Uzbekistan Will Ramp up its Gold Production by 2026

More demand for gold is likely to materialize in the industrial segment, but that won't translate to a higher price point right away. The second half of 2020 will be crucial to keep an eye on
Vaultoro Uzbekistan Gold Production

Following the restrictions imposed during the COVID-19 pandemic, it appears that the gold production will slowly return to normal. Uzbekistan has announced it will resume its production, and even ramp up efforts at multiple mines over the coming years.

Uzbekistan is Back in Business

Various countries have seen their domestic gold production plummet due to the COVID-19 pandemic. That is only to be expected, as no safe work conditions could be provided in most regions. As the virus now appears to be under control somewhat, it is time to let businesses resume their normal operations.

For gold producers, this is excellent news. In Uzbekistan, several such operations are active today. Both Navoid Mining and Metallurgical Combine, as well as Almalyk Mining and Metallurgical Complex will resume their normal gold production in the very near future.

Not only that, but both operations have confirmed that they will ramp up their gold production by quite a margin. If successful, it is expected that both operations will produce over 5 Moz per year by 2026. An ambitious goal, under the current circumstances, but it seemingly can be done.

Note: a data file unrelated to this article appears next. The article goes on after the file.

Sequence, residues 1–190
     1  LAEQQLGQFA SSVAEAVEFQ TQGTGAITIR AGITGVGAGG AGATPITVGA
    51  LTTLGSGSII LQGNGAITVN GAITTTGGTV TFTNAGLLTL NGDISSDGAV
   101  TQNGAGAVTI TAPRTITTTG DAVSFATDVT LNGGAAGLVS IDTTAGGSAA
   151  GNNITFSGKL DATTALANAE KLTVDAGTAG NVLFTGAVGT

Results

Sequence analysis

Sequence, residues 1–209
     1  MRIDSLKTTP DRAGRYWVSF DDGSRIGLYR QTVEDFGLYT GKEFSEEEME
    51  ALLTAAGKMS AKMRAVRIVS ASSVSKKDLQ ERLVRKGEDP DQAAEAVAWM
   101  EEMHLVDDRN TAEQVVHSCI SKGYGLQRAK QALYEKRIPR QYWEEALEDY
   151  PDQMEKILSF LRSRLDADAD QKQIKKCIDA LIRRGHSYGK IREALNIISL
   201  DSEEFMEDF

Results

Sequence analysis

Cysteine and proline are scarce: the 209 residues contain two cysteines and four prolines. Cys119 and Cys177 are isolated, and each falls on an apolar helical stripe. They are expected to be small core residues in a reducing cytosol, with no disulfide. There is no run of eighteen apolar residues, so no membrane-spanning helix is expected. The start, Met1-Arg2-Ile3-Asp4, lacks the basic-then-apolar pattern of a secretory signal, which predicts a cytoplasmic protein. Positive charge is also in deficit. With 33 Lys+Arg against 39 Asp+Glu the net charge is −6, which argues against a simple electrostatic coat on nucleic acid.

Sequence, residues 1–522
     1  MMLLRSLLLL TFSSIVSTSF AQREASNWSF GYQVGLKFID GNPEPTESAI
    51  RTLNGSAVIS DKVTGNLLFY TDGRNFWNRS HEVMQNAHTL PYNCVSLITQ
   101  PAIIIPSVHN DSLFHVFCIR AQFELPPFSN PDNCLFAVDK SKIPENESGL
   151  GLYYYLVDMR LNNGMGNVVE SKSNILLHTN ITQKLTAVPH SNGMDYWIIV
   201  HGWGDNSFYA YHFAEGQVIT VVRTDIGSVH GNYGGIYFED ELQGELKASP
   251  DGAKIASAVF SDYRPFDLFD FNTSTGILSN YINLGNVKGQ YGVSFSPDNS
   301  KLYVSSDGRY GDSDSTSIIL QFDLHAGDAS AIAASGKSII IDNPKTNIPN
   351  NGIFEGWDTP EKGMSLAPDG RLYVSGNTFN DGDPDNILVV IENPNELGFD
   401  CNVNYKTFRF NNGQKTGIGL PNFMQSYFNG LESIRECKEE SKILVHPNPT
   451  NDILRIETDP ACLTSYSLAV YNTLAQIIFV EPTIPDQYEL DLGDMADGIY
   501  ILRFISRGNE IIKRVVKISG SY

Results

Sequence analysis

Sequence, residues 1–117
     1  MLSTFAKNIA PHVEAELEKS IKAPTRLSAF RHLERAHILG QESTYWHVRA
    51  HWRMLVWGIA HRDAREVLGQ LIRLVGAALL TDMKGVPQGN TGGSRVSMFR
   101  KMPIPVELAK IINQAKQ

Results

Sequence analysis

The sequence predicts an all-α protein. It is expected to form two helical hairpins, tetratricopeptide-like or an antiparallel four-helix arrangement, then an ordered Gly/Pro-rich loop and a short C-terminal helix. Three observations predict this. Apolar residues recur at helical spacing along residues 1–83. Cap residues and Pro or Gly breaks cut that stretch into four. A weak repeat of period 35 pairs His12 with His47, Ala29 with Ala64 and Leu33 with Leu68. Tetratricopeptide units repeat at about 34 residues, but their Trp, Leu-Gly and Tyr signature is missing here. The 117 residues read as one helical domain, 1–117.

Few people know that the world’s largest single gold mine is located in Muruntau, Uzbekistan. It produces more than 2 Moz/year on a regular basis, yet there still appears to be room for further improvements. The recent introduction of  a uniquely-angled and 3 km high conveyor at the mine has helped ramp up gold production by a significant margin.

Ramping up this gold production cannot be done without official approval. Uzbekistan President Shavkat Mirziyoyev signed off on these plans through a Presidential decree. 

The production of gold and copper will be tripled at Almalyk Mining and Metallurgical Combine. That location represents 20% of Uzbekistan’s gold production, but also 90% of the silver production. 

What Happens to the Gold Market?

Gold is often touted as being a very scarce precious metal. During the COVID-19 pandemic, it became even more scarce than normal, primarily due to ongoing supply chain issues and delays. Unfortunately, this has not impacted the gold price all that much, even though it still sits comfortably above the $1,700 mark.

As global gold production is now ramping up again, and even set to increase in certain countries, the market impact is difficult to determine. 

More demand for gold is likely to materialize in the industrial segment, but that won’t translate to a higher price point right away. The second half of 2020 will be crucial to keep an eye on, as anything can happen. 

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